Realistic appraisal presents hard decisions

• Defense spending has risen to its highest level since WWII, even after adjusting for inflation.
•  The base defense budget increased at 7-8 percent a year over the last eight years.
•  With war funding included, the defense budget has more than doubled since 2001.
•  With large deficits and tight budgets, spending at this level will be difficult to sustain.

When the Bush administration submitted its last budget, it projected that defense spending would bottom out in 2009, and thereafter decline in real terms. This made the bottom line of the budget look better; but it was not realistic, and when pressed, Bush administration witnesses acknowledged the gap.

Bush flattened out the Future Years Defense Program (FYDP) by omitting the cost of Iraq and Afghanistan and leaving the real number for later, in supplemental appropriations. To its credit, the Obama administration disavowed this practice, and submitted its $130 billion request for Iraq and Afghanistan for 2010 and $50 billion each year thereafter along with its regular budget. But the budget still does not realistically capture the cost of current defense plans, partly because our deployment in Afghanistan is likely to cost more than expected.

CBO projects that the current defense plans in the 2010 budget will require $567 billion (in 2010 constant dollars) annually between 2011 and 2028, or 6 percent more than the $534 billion requested in the president’s budget. That difference seems modest, but CBO warns that if current plans take account of realistic scenarios, the cost would be much more. By its calculation, “total unbudgeted costs” of current defense plans could increase the projection to an average of $624 billion a year through 2028 — 17 percent more than requested for 2010.

Thirty-eight percent of the additional cost is associated with overseas contingency operations. The cost of overseas operations peaked at $187 billion in 2009, when we had 175,000 troops in Iraq and 40,000 troops in Afghanistan by March. The administration’s request for 2010 is substantially less: $130 billion. This would support 100,000 troops in Iraq and 68,000 troops in Afghanistan — but that’s before Gen. Stanley McChrystal’s request.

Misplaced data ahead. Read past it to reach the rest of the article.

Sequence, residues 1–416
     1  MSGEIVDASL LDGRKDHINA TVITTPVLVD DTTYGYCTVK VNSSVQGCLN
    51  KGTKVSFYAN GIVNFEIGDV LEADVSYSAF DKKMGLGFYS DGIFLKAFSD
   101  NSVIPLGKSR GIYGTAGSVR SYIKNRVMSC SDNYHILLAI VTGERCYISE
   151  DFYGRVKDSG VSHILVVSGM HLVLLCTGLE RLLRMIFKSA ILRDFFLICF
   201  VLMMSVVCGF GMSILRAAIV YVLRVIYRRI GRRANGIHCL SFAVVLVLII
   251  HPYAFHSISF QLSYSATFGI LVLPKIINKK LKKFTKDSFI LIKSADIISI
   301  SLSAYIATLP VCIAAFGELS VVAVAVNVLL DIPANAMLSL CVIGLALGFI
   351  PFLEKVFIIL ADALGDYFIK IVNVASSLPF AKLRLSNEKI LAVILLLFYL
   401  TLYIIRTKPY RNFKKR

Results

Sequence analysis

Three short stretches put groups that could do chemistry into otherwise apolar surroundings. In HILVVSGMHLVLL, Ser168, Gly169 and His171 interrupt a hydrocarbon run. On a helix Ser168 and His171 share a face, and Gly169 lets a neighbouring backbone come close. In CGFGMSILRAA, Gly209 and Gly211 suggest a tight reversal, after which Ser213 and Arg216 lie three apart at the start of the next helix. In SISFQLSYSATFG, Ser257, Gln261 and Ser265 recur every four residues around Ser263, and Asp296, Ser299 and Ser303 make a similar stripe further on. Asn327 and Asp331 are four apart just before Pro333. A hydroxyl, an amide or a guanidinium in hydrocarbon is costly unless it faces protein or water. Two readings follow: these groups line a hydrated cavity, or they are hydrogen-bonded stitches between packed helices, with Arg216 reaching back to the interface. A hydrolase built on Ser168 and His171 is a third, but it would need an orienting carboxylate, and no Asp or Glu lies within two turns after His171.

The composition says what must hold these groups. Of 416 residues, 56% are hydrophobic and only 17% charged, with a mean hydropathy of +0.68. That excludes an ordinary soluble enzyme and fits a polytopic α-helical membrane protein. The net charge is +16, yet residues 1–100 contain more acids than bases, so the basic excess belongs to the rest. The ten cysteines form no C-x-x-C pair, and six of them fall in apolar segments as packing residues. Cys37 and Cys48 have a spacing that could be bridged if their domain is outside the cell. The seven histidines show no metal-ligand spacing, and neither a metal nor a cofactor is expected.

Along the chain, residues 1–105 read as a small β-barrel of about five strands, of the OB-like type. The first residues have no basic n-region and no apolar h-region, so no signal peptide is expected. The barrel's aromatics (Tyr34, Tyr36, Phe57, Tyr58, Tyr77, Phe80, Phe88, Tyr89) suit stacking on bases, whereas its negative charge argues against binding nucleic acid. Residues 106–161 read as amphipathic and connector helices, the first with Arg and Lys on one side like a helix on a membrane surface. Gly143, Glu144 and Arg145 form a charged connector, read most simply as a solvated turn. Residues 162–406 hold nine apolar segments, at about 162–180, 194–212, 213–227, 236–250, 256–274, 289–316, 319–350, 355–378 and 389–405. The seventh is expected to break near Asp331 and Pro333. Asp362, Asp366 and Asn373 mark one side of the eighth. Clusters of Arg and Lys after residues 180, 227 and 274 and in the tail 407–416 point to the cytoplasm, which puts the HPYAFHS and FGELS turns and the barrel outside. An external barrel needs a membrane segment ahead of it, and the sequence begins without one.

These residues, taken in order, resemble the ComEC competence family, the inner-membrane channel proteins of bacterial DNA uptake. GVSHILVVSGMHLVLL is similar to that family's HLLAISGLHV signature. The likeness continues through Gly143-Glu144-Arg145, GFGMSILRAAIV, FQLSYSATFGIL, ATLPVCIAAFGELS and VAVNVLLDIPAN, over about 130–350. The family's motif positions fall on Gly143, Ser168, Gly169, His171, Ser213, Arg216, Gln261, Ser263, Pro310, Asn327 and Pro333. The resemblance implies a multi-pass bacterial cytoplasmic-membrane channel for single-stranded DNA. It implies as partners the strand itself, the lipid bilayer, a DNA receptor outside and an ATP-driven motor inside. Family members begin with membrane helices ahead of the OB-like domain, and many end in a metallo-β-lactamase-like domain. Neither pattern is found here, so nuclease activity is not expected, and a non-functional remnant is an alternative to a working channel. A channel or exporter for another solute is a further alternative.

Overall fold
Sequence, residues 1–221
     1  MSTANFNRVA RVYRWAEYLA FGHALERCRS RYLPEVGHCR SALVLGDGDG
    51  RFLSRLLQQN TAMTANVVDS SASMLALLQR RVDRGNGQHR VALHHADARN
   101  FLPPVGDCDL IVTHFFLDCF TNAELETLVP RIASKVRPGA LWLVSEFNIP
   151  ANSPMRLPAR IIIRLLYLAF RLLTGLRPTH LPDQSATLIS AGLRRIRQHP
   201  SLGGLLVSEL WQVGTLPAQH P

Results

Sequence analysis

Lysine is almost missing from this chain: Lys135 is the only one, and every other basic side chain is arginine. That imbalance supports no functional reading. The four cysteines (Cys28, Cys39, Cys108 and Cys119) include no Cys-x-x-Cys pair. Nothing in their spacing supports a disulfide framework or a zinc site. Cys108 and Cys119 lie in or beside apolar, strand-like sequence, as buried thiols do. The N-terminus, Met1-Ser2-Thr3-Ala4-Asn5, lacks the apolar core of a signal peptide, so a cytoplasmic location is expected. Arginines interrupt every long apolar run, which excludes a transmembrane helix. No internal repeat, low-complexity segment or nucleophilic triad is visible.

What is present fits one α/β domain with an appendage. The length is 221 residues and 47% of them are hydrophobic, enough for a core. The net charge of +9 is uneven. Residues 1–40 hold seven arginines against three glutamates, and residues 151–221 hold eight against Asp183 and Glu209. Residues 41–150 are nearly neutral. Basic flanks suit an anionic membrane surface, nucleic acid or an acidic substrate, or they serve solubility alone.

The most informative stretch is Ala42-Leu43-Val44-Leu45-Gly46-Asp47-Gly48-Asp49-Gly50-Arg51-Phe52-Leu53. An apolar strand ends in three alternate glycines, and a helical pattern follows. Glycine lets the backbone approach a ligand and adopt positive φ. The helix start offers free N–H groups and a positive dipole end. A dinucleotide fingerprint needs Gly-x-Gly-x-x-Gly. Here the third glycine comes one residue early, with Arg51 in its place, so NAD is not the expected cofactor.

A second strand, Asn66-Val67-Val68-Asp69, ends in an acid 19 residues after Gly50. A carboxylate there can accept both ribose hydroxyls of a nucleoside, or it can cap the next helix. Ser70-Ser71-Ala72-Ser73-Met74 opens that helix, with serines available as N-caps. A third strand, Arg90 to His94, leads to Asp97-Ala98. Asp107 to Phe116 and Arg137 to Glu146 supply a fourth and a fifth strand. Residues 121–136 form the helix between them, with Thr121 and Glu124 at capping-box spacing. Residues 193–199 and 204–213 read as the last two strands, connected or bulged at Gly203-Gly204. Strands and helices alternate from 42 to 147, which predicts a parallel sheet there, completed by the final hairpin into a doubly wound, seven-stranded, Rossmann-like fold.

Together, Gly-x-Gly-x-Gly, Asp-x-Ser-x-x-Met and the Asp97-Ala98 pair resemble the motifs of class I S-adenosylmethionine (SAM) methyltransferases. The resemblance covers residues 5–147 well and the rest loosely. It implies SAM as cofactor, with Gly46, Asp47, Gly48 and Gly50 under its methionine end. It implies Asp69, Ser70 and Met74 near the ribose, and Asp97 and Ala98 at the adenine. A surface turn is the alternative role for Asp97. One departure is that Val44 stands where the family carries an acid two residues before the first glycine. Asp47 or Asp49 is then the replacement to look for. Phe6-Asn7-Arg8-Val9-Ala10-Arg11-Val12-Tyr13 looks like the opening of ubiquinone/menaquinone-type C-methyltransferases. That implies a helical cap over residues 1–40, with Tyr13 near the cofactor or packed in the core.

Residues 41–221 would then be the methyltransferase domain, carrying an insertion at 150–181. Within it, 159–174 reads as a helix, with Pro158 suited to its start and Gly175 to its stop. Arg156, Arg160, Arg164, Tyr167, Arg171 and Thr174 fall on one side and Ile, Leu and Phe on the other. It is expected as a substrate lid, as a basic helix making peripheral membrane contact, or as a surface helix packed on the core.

This mismatch between resources and demands is not uncommon for the Department of Defense, but the gap is substantial, and it begs the question of what we do next.

In previous years, when defense funding reached unsustainable levels, the usual resort was force structure reduction. But force levels are low already, and troop rotations are taking a toll, making reductions difficult, if not indefensible.

Procurement is $110 billion in 2010, or 20 percent of the budget, and RDT&E is $80 billion, or 15 percent of the budget. The Obama administration has proposed changes to acquisition plans and reforms, and CBO has said that Obama’s changes should reduce the acquisition costs by $8 billion a year. But this saving is eclipsed by cumulative cost growth, which is now $296 billion or 42 percent higher than originally estimated.

Operation and Maintenance (O&M) is at a record high, increasing on a per capita basis by 2.7 percent above inflation annually since the Korean War. There have been continual attempts to rein in O&M, but everything from healthcare to operational tempo to the maintenance of worn-out weapons contributes to the cost.

Personnel costs have increased well above inflation — by 45 percent since the late 1990s. Pay increases above the Employment Cost Index and benefit increases, like the redux military retirement system and Tricare for Life, have driven costs up.

Add all of the above to the cost of our deployments in Iraq and Afghanistan, and you begin to see why how even a $700 billion defense budget can get stretched thin. This leaves this year’s Quadrennial Defense Review (QDR) a full plate. The QDR will need to ask how we remain the world’s most powerful conventional force, and strongest economy, while:

• Defending ourselves against terrorists, insurgents, and unconventional war generally;
• Curbing the spread of nuclear weapons and materials;
•  Reconciling the demands for force size and overseas engagements, operations and maintenance, weapons modernization, reset and replacement; and
•Dealing with “hybrid threats,” by irregular forces armed with advanced technology, and “high-end asymmetric threats,” like anti-satellite weapons.

In wrestling with these issues, this year’s QDR will have to be bolder than previous reviews. Our budget, our security, and our future may rest on how they come down.

Spratt is a member of the House Armed Services Committee and chairman of the House Budget Committee.